So let's begin with what these three different types of nebulae are. We can firstly divide nebulae into two types: nebulae which we see because they give out light and nebulae which we see because they are blocking light. We can then further subdivide the bright nebulae into nebulae that give out light for two different reasons.
|Pipe Nebula - Dark|
Dark nebulae are pretty easy to understand. There is something bright in the background and a dense are of gas/dust is blocking that light.
There are some purely dark nebulae. These nebulae are not associated with star birth or star death. The stuff they are made of has probably been hanging around the galaxy since its very beginning and has not done much of note except slowly clumping together slightly under what little gravity there may be there. Generally we will see these because they are blocking background stars.
Large star-forming nebulae will often have some dark components - areas of dust associated with the main nebula but not close enough to what is going on in there to glow. And so we see them because they block light from the glowing area of the nebula.
In our daily life we are used to things glowing because they are hot. In the dark depths of space, only stars have this honour. Nebulae are cold objects and glow for other reasons.
|Dumbell Nebula - Emission|
Most of the nebulae you have seen or heard of are emission nebulae. They are bright, common and easy to get good images of. They glow for the same reason we get the arora on Earth: gas atoms are excited by being bombarded with high energy particles given out by a nearby star, and as the atoms de-excite they emit their energy as light.
This light is of a very specific and predictable wavelength (colour) depending on what element of atom is involved. Hydrogen gives out red light. Oxygen gives out green. The narrowband filters (H-alpha and OIII) on galaxy cam select for just these wavelengths of light improving the contrast with the background light.
|M87 - Reflection (and dark)|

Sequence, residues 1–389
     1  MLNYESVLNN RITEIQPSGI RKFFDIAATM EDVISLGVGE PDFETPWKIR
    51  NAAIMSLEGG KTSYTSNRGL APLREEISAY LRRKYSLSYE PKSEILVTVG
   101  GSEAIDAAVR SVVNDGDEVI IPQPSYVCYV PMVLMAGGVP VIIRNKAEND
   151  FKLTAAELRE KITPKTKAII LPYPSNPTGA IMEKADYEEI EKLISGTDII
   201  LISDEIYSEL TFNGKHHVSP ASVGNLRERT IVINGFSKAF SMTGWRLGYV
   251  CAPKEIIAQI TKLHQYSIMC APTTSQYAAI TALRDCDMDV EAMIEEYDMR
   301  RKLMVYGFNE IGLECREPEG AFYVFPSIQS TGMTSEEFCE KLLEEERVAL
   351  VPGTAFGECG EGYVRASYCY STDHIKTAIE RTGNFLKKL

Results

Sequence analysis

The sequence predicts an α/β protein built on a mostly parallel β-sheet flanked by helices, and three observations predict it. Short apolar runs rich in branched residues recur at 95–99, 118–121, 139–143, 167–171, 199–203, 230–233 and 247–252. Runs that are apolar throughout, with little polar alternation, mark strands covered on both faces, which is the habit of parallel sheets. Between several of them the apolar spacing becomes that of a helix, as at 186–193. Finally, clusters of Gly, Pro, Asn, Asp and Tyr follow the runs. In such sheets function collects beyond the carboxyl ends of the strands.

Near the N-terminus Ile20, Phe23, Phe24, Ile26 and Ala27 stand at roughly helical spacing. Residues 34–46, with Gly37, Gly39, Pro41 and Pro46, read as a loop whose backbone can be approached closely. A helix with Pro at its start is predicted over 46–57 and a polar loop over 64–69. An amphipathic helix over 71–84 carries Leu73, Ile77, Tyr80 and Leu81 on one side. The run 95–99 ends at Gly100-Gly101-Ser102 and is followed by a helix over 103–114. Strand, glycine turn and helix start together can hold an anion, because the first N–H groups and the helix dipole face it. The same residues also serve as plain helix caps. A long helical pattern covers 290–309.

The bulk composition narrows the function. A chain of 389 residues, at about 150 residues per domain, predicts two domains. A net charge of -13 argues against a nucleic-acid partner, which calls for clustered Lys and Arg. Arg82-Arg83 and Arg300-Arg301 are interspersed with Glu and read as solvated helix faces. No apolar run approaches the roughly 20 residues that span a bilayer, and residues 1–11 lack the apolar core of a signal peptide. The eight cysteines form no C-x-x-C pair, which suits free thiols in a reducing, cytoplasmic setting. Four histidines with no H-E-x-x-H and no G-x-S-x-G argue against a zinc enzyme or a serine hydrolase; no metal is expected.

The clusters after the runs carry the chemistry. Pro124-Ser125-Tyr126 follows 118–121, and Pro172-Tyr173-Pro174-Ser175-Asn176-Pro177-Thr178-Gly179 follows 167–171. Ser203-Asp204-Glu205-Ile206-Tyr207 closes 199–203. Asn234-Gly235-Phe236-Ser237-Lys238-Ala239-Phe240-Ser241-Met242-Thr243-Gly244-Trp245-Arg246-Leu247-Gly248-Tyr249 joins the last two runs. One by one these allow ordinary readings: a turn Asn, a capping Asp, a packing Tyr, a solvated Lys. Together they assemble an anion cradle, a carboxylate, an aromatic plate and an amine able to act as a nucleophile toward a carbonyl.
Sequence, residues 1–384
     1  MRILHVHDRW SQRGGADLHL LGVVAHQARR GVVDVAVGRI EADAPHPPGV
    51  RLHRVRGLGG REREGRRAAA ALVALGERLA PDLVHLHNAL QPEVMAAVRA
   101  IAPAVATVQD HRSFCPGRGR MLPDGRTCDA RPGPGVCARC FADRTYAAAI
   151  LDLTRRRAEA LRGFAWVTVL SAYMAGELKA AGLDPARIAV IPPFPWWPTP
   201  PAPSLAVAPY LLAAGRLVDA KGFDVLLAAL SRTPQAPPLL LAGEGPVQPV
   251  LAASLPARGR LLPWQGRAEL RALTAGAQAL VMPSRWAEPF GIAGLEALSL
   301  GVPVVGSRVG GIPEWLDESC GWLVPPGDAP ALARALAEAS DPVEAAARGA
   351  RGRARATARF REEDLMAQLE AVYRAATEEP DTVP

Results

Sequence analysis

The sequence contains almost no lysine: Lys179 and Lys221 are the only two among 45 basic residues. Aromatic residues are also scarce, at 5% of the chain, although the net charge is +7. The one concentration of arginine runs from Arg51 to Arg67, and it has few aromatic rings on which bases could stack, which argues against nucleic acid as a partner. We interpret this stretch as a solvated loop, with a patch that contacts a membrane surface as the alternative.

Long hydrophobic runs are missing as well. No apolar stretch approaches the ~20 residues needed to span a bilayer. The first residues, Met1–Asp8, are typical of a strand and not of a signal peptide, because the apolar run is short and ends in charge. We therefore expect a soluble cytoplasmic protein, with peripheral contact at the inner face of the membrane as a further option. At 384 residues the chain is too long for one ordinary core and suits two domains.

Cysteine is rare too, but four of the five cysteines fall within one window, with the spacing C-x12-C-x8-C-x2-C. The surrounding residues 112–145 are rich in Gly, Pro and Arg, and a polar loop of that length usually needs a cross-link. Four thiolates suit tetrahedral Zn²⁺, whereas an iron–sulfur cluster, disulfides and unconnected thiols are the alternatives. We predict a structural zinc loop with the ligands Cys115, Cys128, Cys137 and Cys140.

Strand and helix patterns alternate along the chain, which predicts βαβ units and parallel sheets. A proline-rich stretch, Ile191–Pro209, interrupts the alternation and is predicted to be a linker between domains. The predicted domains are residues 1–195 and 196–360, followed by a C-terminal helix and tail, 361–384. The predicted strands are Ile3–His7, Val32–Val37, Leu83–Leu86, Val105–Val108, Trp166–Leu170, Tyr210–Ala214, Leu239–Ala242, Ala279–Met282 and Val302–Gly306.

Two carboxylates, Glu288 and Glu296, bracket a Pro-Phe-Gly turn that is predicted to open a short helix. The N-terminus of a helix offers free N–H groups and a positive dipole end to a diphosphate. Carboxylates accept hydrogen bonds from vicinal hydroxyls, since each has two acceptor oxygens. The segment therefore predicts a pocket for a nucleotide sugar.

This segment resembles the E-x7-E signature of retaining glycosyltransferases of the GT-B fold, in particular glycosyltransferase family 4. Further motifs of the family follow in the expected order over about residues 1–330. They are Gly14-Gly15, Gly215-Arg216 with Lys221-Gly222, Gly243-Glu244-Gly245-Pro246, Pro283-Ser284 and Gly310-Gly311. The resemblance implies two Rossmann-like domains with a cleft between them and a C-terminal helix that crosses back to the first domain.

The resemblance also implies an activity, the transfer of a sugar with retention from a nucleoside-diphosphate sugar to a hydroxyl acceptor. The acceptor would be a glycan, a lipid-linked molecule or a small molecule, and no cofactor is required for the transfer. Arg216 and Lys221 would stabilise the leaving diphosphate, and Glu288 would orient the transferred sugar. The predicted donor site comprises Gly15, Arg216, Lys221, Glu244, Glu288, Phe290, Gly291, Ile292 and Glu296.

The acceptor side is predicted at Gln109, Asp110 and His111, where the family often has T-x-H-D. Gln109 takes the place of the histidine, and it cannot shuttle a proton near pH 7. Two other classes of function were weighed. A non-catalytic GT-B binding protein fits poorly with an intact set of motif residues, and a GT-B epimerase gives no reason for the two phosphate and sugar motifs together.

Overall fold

Nebulae not in a position to be excited by nearby stars, but still relatively close to nearby stars, might still have a chance to shine. They can do this by reflecting some of the stars light to us. These nebulae are very very hard to observe. The dust reflecting the light to us may be a light-year or more from the nearest star (that's 10,000 times the distance from the Sun to Pluto). Starlight is very weak at these distances and only some of that starlight is actually reflected to us. In most cases, any exposure long enough to see the nebulosity will result in CCD bleeding from the brightness of the source star itself. Many exposures must be taken and stacked to have any chance at all. And since reflection nebulae are reflecting star light, which is a mixture of all wavelengths of light, narrowband filters can't be used to give greater contrast as with emission nebulae.
The Triffid Nebula
The Triffid Nebula shows all three types of nebulosity. The main bright, red region is emission and shows up very clearly in a hydrogen alpha filter. Between us and the bright region are three distinct bands of dark nebula, obscuring that light. And off to one side a slightly bluish region can be seen which an area of reflection nebula.
Other features of note include the dense pillars of gas (such as the prominent feature in the lower right of the image above), which is known to be an area where new stars are being formed.
What filters you use for you image of the nebula will be determined by which region you are interested in. A colour images will give a good all-round impression of the nebula. Hydrogen-alpha gives stunning contract for the red regions. A blue filter will enhance the reflection areas.
- Try H-alpha, 120 000 ms
- Or Blue, 180 000 ms
- Or BVR, 120 000 ms